Out on the blacktop the kids run, joke and talk, play catch, hopscotch, Double Dutch, and tag. I wonder about the inner life and dreams of these children, my students. What are their aspirations, and do they believe in them strongly enough to realize them? What kind of support do kids need to envision and achieve a positive future? And what kind of sustenance do all of us need to know and trust our dreams as we grow up and move into our adult lives?
Throughout my years teaching creative arts to children, I have had innumerable inspiring encounters with young artists. A ten-year-old girl who loved art was delighted to discover that I, too, was an artist. A middle school student found solace in expressing social pressures through dance. A shy, self-conscious high school student blossomed as an actress and videographer. A paralyzed sixth grader created a pointillist masterpiece by gripping a rounded brush in his fist. A preteen two years older than her classmates finally understood basic math concepts through planning a mosaic. With determination and joy in the work they accomplished, each of these young people exhibited a dynamic peace -- the peace of mind that comes with knowing what you want and believing you can make it possible.
When I think about my interactions with these students, I feel energized in my own quest to know and believe in myself and to encourage others to do the same. Most of my friends are creative professionals of some type or another -- dancers, musicians, poets, theater directors, activists, educators. Our work has deep value, yet many of us struggle to combat negative stereotypes like "starving artist" or "dilettante.” Undermining messages can stand in the way of people finding clarity and committing to their principles.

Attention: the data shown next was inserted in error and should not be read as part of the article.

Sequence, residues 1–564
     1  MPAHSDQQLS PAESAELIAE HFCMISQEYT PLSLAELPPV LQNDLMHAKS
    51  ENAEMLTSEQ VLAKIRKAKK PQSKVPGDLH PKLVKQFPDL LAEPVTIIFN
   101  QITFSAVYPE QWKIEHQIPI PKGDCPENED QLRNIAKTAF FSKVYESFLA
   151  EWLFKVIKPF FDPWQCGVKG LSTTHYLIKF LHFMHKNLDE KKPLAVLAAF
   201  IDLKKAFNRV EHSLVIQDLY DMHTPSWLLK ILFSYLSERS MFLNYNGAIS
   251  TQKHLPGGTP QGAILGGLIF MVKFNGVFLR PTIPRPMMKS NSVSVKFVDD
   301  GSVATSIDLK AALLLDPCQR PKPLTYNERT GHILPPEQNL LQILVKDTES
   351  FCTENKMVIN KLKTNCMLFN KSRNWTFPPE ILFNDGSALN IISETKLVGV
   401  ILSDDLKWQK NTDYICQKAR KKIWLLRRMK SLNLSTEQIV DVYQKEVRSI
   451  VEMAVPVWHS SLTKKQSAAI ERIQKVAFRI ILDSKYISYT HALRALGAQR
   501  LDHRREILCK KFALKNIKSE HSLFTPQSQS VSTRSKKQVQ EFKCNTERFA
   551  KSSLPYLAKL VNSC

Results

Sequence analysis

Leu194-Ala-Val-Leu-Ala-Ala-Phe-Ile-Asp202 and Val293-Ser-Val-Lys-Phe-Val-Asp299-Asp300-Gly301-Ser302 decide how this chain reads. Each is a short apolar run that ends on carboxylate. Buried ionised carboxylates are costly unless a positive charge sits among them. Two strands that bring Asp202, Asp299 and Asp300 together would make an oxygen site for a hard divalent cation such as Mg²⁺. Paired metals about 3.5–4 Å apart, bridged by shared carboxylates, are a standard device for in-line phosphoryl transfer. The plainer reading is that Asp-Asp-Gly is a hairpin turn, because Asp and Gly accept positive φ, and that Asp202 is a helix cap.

As I watch the children play behind this North Philadelphia school, I understand the importance of the arts as an empowering force for our lives. It is good that we tell children to "believe in their dreams," and ask them "what they want to be when they grow up," but we must also work to embody this determination in order for the lesson to have a more powerful and lasting effect. The arts teach us a necessary resiliency the creativity to overcome obstacles and the inspiration to strive for success.
It is crucial that we support each other -- all people -- in finding and following our dreams for our lives and for our communities. We need to filter out negative ways of thinking so that we can see our ideals more clearly and envision transformative ways of living in the world. As we find the dynamic, determined peace of knowing ourselves and our creative power, our opportunities expand. For all of us out here on the blacktop, the possibilities are endless.
Lee Fogel is a Somatic Movement practitioner and contemplative artist based here in Philadelphia. She co-founder of the Philly Contact Collective, a collaborative improvisational dance company, and she teaches and performs in various community settings, including as a resident artist with COSACOSA.